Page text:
Palm Sunday is the day when we remember Jesus’ ‘triumphal entry’ into Jerusalem, surrounded by the excited crowds of his followers and hangers-on, along with the curious, the doubtful and the downright dangerous.
Of course, as the week unfolded, apparent triumph turned quickly to apparent disaster, as Jesus’ dangerous opponents had their way, and condemned him to suffer a criminal’s execution on a crude Roman cross.
How swiftly the voice of the masses can turn against those in positions of authority, as any defeated politician or sacked football manager will tell you. Even kings and queens are not immune from rejection, when long-established monarchist nations decide to become republics.
But Jesus? His status as king did not depend on whether his country was a monarchy or a republic. It did not even depend on the fickle whim of the crowds. Commenting on Jesus’ claims about himself, C.S. Lewis concluded that Jesus was either deluded (and therefore mad) or lying (and therefore bad) or telling the truth, in which case he was the Father’s only begotten Son, and therefore even more of a King than those Palm Sunday crowds realised. He was the King of kings, and Lord of lords – a status that was his by divine right, rather than one conferred by either the electorate or the constitution of a nation.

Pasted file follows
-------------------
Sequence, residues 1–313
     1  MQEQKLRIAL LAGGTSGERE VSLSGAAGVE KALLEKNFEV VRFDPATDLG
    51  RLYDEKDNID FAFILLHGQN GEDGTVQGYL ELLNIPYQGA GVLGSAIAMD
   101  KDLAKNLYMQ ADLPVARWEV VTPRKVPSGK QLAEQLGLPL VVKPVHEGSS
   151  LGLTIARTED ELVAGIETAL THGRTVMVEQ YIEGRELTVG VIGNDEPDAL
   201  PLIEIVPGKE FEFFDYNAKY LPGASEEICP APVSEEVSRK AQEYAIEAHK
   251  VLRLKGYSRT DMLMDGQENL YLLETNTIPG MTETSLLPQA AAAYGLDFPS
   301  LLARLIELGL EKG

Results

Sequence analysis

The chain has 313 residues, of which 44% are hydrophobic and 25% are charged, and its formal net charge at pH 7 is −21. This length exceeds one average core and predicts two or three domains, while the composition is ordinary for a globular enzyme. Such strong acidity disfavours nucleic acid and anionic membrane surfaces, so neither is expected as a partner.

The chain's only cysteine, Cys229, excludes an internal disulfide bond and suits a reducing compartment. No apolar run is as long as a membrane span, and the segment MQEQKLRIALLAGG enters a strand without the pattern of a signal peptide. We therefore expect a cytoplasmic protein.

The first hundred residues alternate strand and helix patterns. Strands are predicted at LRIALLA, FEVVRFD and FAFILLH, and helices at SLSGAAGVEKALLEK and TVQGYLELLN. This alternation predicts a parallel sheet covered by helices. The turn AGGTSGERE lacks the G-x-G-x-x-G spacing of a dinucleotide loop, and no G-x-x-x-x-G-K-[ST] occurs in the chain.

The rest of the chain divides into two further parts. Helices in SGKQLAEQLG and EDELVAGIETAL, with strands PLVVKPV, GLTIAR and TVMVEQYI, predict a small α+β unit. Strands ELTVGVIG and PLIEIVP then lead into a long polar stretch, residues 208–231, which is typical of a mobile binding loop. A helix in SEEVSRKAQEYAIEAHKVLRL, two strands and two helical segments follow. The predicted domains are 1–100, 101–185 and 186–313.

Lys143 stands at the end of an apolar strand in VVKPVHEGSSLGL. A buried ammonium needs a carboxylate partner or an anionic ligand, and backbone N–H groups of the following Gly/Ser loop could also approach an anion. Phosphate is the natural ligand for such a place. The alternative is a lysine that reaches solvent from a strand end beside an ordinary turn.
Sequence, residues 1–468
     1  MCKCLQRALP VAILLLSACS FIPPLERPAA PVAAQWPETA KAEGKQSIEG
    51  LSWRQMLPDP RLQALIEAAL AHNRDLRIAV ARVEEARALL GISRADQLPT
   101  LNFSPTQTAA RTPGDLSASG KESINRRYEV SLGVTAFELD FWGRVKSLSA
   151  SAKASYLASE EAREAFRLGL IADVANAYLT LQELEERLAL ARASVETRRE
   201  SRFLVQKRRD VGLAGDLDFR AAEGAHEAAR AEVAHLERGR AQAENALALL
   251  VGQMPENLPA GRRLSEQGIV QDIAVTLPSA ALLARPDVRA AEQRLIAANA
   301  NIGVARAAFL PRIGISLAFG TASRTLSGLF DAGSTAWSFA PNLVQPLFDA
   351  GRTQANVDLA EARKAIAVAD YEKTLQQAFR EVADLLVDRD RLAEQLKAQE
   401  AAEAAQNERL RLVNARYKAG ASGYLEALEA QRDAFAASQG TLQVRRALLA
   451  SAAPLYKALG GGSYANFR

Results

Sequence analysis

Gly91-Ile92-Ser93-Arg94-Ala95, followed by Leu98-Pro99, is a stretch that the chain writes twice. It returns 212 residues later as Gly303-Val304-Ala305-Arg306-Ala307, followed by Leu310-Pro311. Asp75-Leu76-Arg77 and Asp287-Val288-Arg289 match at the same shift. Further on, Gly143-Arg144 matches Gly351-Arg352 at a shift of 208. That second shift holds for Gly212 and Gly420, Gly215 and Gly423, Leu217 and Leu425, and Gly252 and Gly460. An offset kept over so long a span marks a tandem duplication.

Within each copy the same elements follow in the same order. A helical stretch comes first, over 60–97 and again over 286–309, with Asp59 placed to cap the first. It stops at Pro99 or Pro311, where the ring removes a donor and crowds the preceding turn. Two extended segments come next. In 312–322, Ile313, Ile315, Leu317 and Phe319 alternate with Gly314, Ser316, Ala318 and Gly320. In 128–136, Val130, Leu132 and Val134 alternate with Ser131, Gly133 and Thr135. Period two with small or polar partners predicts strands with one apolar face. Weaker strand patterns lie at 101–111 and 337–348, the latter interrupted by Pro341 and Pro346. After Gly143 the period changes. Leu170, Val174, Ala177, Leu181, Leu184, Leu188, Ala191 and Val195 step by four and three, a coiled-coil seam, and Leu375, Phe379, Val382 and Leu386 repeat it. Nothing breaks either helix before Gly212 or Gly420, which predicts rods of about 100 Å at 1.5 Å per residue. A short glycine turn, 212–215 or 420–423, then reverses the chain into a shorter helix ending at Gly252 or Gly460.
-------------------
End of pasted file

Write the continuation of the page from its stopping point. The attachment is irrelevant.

If that is true, then nothing that either the crowds or the authorities said or did to him during that momentous week leading up to his crucifixion could alter the fact. All they could do was to either accept or deny his kingship.
When his disciples cried out ‘Blessed is the king who comes in the name of the Lord!’ (Luke 20:38) as Jesus entered Jerusalem, they accepted his kingship – even if they didn’t understand his full authority. When one of those disciples – Peter – later said ‘I don’t know this man!’ (Mark 14:71), he momentarily denied Jesus’ kingship. And when the authorities tried, convicted and crucified him, they actively rejected his kingship.
But the empty tomb of Easter morning was Jesus’ proof that whatever anyone said or did to him, he was the King that the crowds said he was – and more. In ascending to his Father’s side, he took his rightful place in heaven once more; and in sending his Holy Spirit to equip us to live for him as a ‘royal priesthood’, he gave us a place in his royal family, and the privilege of working alongside him as he builds his Kingdom on earth today.
Nothing can change who Jesus is. What can change is who we believe he is. If we believe that the Gospel accounts are the delusions of a well-intended madman, then we would be mad to follow him. If we believe that he was lying for his own self-interest, then it would be bad to try and convince anyone otherwise. But if we truly believe that he was – and is – the Son of God, King of kings and Lord of lords… then surely it would be madness not to confess him as Lord and King? So… what do you believe this Easter?
With our love and prayers,
Matthew and Pauline